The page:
Cannes Watch 2011

We have roving reporter Brogen Hayes on location in Cannes this week, Keep up with all the latest film news over the next week on

The 64th Cannes Film festival began yesterday, but as the stars were readying their evening wear and the journalists making sure they were ready to jostle on the red carpet, I was sitting in Dublin, reading the reviews online.

I was supposed to fly to Cannes yesterday, but when I went to check in, I realised that my passport was out of date. Cue a short burst of fear and panic, which 10 minutes of meditation on the bus back into town dispelled. David Lynch would be proud. So instead of soaking up the sun on the French Riviera, I was literally running out to the British Embassy, hoping against hope that something could be done for me. I arrived there at midday. By 3pm I had my shiny new passport in my hands and was running outside the Embassy screaming and jumping for joy. The show would go on. Flights were booked on my iPhone and bags unpacked then repacked.

Woody Allen’s Midnight in Paris opened the festival last night. While some may argue that the director’s best years are behind him, critics maintain that Midnight in Paris has echoes of Manhattan, and is possibly Allen’s best work in years, with praise for Rachel McAdams, Adrien Brody and Owen Wilson.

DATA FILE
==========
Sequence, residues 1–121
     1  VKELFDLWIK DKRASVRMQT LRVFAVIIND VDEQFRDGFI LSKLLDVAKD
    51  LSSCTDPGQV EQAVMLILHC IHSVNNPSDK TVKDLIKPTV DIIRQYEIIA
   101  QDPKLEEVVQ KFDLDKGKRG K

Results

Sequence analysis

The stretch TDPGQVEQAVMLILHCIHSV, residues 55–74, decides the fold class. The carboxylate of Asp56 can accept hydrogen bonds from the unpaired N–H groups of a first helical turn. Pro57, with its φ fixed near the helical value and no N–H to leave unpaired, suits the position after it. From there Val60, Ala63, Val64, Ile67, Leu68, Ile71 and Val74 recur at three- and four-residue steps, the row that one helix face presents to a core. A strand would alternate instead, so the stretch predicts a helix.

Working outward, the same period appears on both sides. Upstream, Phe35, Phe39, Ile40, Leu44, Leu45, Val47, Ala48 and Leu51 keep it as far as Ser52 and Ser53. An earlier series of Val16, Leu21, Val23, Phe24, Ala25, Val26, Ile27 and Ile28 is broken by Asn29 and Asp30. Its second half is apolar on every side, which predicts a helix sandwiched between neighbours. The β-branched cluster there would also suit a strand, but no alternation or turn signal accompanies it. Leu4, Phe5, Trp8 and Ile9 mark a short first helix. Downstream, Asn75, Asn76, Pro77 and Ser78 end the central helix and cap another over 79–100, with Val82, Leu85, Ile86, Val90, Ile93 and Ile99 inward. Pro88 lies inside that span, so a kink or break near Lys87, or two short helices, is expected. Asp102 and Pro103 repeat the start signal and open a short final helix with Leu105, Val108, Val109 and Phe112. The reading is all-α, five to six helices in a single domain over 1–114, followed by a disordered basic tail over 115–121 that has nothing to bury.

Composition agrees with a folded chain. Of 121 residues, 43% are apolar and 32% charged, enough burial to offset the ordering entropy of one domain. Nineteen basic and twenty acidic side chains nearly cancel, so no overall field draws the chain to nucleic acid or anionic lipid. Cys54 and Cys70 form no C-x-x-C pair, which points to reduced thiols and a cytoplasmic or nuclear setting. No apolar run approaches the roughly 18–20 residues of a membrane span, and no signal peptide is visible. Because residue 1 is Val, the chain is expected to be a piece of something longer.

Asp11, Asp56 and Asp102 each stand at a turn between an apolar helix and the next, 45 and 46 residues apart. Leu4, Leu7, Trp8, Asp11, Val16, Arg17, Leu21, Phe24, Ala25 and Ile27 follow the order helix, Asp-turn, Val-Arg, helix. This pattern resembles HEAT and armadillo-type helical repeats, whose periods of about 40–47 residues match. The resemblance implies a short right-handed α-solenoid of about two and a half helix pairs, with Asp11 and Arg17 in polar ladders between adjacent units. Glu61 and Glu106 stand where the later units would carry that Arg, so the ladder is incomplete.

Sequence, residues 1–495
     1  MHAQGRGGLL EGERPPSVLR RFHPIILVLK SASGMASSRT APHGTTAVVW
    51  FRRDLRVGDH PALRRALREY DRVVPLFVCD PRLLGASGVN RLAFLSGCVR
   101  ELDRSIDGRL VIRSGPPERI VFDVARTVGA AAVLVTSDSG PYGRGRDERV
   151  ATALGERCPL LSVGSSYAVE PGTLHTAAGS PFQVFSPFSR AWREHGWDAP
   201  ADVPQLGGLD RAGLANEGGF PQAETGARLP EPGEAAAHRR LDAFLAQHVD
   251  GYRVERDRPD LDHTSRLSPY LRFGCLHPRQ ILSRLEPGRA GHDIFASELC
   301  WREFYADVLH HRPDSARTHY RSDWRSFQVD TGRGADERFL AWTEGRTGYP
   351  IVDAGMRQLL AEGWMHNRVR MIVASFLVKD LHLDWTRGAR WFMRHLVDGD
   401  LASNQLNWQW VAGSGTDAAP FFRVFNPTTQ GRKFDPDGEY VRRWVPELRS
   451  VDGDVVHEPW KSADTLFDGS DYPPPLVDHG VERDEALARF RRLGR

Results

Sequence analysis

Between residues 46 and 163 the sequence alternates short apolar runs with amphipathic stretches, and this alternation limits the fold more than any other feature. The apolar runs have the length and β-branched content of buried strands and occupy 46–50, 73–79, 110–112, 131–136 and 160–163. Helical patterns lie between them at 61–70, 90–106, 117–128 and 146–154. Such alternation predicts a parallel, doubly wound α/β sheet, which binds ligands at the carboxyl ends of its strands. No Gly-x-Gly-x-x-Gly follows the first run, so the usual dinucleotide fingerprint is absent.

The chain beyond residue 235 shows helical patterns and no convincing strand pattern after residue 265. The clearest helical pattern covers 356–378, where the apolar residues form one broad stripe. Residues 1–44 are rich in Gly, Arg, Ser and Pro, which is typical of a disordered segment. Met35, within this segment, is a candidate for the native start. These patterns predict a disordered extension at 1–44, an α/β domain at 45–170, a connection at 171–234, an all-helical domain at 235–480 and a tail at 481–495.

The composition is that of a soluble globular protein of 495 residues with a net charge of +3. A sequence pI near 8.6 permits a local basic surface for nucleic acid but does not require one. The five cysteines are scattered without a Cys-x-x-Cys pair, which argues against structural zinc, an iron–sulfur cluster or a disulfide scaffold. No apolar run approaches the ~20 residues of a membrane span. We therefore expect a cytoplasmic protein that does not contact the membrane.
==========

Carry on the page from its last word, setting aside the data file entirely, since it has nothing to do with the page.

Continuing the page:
Julia Leigh’s Sleeping Beauty was also shown in the first hours of the festival. Sleeping Beauty is described as ‘a dark erotic fairy tale’, and is a tense story of sex, death and perversion. The festival audience was strongly divided in it’s reaction to the film, but that alone makes it one to watch out for.

On Thursday, the talk up and down La Croisette was of Lynne Ramsey’s We Need To Talk About Kevin. Tilda Swinton is on fantastic form as the shattered mother of a difficult child. Ramsey’s unflinching drama examines the dysfunctional, and ultimately; violent, relationship between a mother and her son, but leave the audience free to make their own decisions about Eva (Swinton). We Need to Talk About Kevin was given a rapturous standing ovation that lasted well over five minutes and left John C. Reilly, Tilda Swinton and Lynne Ramsey speechless. Definitely a film to watch if you have ever been a parent… or a child.

The 64th Cannes Film festival has only just begun, and will be keeping you informed of what to watch out for. Tomorrow, we are particularly looking forward to Toomelah, but will keep our ear to the ground for all the latest news from Cannes.

Words – Brogen Hayes